The senior executive team, the Ethics Review Committee, and the board of directors are concerned about successful implementation of the code of conduct that you are developing for ECG. There has been little focus in the past on widely communicated and consistent ethical standards due to a focus on the company's growth and the assumption that employees would take the ethical approach in all business activities. The firm found, however, that each person's perception of ethical can differ and not all employees behave in a manner that the firm (and likely others) would consider ethical. The soon-to-be introduced code of conduct will provide formal and specific company-wide guidelines, leaving much less room for interpretation or leniency. This is a dramatic shift from past practices, so there are implementation concerns.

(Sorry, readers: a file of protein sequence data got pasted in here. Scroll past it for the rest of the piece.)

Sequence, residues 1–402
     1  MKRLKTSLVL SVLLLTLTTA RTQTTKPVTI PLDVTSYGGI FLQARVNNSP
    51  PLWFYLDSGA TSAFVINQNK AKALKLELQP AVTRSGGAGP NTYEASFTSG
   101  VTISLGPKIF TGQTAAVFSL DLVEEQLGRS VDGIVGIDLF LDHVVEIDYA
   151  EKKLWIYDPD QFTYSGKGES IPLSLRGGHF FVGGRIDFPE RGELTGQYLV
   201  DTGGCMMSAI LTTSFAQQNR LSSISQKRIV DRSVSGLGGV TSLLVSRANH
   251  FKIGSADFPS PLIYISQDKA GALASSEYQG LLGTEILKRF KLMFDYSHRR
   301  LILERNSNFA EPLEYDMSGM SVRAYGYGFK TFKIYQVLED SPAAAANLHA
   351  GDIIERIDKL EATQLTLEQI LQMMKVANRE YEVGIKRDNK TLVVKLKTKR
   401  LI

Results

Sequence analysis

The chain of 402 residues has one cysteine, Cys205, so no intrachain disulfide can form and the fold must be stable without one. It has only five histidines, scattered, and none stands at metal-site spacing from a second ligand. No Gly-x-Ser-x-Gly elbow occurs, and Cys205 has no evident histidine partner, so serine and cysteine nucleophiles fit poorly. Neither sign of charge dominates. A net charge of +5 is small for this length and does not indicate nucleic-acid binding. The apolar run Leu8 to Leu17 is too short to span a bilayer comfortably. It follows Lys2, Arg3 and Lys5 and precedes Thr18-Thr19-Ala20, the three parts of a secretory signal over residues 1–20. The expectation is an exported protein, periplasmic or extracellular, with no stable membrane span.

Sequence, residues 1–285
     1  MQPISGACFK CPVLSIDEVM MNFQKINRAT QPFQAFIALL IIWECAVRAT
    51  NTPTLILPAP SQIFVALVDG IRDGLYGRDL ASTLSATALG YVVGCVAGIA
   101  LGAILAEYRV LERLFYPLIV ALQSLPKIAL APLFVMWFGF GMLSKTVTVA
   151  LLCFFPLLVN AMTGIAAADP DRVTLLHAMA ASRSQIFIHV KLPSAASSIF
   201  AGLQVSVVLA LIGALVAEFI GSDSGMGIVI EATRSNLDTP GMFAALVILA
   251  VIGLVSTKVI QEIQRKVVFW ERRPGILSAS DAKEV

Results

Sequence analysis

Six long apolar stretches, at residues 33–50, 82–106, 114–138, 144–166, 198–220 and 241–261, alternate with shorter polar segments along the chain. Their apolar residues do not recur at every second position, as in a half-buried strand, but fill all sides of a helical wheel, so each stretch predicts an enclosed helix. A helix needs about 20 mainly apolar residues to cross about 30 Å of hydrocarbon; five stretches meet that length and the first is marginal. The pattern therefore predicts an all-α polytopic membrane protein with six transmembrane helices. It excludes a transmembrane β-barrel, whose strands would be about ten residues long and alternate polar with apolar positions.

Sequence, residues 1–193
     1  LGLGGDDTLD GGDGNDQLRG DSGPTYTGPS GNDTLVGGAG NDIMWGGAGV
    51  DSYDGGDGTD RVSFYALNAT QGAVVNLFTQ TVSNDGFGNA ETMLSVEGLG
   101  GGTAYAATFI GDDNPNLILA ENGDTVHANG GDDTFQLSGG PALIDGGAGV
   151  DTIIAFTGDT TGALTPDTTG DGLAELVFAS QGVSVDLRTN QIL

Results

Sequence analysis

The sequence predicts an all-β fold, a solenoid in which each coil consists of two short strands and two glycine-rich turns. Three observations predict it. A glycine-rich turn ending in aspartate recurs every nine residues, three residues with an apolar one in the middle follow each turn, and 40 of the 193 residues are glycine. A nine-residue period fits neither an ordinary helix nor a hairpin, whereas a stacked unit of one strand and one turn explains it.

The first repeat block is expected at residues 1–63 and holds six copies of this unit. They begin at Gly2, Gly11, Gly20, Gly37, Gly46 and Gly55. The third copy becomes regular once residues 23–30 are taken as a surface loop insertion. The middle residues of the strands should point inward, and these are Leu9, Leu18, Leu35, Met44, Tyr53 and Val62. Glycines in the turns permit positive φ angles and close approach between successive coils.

To alleviate the concerns of ECG leadership and to provide more direction to your role, you have been asked to present a comprehensive and innovative change management plan to address how the new code of conduct will be implemented. In this plan, you should focus on successful company-wide implementation and acceptance of the policies by reviewing specific implementation steps and identifying who will be involved at each stage.